I walked out the doors to the small group of people outside and was quickly greeted by Aminata and her THEX Bienvenue Kayla sign. She hugged me, said welcome, asked how I liked Benin, and many more questions. She was dressed in traditional, vibrant African dress with a head wrap. She looked very pretty and was slightly shorter than I. She led me to a car with a chauffeur. It reeked of gasoline and struggled to start and shift. As we left, I was surprised by how good the roads were. Then I remember Aminata was supposed to take me to get money and other chores done, but because I was coming in at such a weird time just hours before my first class I wasn’t sure how she was going to handle it. She said we could stop at the bank, so we went to two ATMs with guards sleeping at the outside but both were broken. I tried to explain to her I had American cash and not a card that would work here, that I had a Discover card. We returned to the airport where the currency counter was closed. We tried the ATM there and it didn’t work, but it claimed it was because I had the wrong pin, so I called my mom on Aminata’s phone (I knew it was only 10-11PM there). She answered and informed me that my card isn’t even set up for an ATM, probably since my brother recently lost the card and we had new ones issued. She (Aminata) said don’t worry, we’d find a way. We left.
This is when I realized how bad the roads are, apart from the couple I was on the first time. We drove through the ghettos over such lousy roads that it suddenly made perfect sense why the suspension is so horrendous in the cars there. Most people drive motos, though. We picked up another man that the others knew and he directed us to this shady-looking street with bars and scantily dressed women milling through thickets of men. The man left the car and traversed the street a couple of times in front of us with an older man. Then he came back to the car and asked for $203. I got 100,000 XOF for the money. That’s a surprisingly fair exchange, I think. We headed off for Ouidah then.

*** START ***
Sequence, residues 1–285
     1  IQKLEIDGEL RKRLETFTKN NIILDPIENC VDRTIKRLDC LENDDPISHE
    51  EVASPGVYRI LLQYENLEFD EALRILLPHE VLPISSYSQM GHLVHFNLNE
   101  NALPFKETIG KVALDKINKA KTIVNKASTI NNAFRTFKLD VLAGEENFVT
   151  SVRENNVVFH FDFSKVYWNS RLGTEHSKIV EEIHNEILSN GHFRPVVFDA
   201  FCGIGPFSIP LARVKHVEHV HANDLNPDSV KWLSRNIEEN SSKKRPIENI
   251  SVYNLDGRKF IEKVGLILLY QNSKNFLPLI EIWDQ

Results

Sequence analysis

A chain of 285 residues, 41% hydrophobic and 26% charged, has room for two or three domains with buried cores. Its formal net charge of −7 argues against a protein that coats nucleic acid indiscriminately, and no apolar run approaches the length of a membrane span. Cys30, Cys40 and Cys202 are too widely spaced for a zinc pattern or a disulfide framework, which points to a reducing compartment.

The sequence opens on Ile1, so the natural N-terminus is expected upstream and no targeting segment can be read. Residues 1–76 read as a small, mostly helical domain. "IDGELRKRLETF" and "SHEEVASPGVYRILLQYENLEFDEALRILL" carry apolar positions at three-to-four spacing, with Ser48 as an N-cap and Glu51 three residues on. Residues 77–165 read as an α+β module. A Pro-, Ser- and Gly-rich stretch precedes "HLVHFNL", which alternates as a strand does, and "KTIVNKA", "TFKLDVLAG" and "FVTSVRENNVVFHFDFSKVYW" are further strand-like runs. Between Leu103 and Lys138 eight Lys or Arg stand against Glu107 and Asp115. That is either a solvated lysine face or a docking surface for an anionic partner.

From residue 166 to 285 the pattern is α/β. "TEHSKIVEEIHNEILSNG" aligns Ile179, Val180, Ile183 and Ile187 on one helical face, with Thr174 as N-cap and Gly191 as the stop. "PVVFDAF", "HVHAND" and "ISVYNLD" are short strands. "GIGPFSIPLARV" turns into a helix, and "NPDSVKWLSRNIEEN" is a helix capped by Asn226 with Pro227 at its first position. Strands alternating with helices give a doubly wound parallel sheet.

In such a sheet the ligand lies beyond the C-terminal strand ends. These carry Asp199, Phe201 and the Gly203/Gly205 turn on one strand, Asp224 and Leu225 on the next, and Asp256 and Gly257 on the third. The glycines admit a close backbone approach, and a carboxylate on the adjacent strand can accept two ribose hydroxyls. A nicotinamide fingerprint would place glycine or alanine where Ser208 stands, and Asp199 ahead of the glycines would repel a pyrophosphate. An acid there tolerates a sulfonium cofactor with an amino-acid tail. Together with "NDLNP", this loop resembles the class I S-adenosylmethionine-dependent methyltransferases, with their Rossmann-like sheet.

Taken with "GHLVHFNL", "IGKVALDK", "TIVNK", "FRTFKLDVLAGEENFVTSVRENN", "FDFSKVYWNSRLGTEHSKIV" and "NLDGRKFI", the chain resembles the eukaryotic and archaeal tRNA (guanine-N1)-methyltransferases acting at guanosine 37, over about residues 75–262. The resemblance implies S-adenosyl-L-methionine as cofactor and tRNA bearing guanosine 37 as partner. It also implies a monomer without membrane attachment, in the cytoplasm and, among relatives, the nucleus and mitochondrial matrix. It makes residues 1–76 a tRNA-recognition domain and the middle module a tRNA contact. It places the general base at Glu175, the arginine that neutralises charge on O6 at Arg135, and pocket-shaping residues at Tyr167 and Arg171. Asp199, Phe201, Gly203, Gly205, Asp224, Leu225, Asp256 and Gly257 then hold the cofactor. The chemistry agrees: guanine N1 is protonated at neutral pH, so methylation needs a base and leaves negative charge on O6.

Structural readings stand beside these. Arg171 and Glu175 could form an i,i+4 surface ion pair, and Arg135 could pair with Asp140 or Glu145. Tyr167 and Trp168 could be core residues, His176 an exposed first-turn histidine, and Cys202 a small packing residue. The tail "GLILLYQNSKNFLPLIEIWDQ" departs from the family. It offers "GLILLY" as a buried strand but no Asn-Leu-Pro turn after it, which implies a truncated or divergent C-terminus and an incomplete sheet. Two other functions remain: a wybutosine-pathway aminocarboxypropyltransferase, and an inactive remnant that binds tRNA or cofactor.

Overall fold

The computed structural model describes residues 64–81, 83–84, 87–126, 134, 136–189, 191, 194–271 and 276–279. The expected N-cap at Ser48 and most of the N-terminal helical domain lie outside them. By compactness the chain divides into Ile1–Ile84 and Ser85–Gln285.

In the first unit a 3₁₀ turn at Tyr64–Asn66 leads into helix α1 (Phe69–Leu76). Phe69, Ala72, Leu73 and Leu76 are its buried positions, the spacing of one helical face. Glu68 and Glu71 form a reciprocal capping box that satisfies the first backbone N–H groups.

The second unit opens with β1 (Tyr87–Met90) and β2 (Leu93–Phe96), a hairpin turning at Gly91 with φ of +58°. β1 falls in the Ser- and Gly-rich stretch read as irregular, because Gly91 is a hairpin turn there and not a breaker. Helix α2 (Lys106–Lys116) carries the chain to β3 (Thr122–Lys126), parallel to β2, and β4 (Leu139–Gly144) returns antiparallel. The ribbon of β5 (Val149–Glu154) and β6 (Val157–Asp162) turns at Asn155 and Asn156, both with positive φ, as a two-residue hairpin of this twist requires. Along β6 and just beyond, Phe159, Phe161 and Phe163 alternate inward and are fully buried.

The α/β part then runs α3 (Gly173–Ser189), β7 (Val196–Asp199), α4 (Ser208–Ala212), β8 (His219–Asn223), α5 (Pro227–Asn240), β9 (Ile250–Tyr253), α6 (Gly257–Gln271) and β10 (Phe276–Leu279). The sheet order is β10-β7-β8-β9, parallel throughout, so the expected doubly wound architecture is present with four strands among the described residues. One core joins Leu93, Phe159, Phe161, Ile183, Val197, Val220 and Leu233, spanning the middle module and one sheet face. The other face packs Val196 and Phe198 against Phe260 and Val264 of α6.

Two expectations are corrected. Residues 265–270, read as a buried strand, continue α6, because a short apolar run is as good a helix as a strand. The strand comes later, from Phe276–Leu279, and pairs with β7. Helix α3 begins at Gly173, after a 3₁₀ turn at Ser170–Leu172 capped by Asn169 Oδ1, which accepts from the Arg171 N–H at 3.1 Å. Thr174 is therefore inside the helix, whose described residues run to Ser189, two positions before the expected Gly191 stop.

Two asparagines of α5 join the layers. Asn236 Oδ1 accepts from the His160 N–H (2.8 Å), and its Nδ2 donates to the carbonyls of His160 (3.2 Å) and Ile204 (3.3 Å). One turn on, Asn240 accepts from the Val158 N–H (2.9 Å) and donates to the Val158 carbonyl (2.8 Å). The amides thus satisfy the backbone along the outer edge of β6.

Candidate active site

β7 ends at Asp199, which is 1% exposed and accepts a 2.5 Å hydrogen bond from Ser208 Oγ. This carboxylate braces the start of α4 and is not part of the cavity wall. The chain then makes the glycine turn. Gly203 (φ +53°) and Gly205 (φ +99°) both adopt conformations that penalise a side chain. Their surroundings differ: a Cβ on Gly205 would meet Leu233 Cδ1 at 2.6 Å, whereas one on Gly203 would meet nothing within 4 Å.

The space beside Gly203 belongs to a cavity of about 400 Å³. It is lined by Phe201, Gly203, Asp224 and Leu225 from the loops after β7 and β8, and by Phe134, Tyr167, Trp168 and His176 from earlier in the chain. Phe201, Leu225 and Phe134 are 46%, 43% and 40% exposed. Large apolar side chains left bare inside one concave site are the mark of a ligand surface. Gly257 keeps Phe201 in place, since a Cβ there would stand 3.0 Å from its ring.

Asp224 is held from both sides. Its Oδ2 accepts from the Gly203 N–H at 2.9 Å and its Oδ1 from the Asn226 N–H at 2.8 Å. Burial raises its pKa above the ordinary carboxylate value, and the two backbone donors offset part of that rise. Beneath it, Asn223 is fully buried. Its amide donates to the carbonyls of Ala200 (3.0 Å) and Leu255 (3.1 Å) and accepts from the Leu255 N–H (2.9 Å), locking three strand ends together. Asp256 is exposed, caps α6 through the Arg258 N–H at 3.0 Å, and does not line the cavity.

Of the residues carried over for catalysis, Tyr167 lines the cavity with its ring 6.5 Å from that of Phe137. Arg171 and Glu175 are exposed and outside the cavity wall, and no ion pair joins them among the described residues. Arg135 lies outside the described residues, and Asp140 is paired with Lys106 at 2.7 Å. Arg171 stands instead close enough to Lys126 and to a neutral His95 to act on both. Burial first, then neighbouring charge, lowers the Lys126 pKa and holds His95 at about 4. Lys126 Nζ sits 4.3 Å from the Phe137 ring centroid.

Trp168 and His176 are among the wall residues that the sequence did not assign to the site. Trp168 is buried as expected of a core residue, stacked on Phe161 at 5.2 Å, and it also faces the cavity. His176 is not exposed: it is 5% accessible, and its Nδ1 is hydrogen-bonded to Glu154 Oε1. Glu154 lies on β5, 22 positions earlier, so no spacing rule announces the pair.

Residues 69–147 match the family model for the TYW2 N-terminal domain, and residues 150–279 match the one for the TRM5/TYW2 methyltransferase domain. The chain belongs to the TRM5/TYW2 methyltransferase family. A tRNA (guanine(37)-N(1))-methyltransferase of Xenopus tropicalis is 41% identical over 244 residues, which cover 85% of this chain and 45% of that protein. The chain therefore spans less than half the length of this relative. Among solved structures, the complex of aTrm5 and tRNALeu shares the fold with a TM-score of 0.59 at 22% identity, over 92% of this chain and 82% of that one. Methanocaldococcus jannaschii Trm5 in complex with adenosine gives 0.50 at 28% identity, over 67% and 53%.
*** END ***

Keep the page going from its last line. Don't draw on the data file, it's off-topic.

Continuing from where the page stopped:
The drive was around an hour long. Much French was spoken, but too quickly and it took me a while to realize the heavy African accent that made it so difficult to understand. When I said it was too fast, the driver wasn’t saying much but the man in the passenger seat made obvious attempts to speak very slowly. Aminata was behind him and she started to talk slowly but quickly forgot… so there were these two talking with the man going slowly and Aminata rambling on. I felt bad because I was tired and distracted by the sights, and it was difficult to hear over the wind in the car. I didn’t like him slowing down for me like that; I felt bad. Besides, Aminata fell asleep before long and it was silent.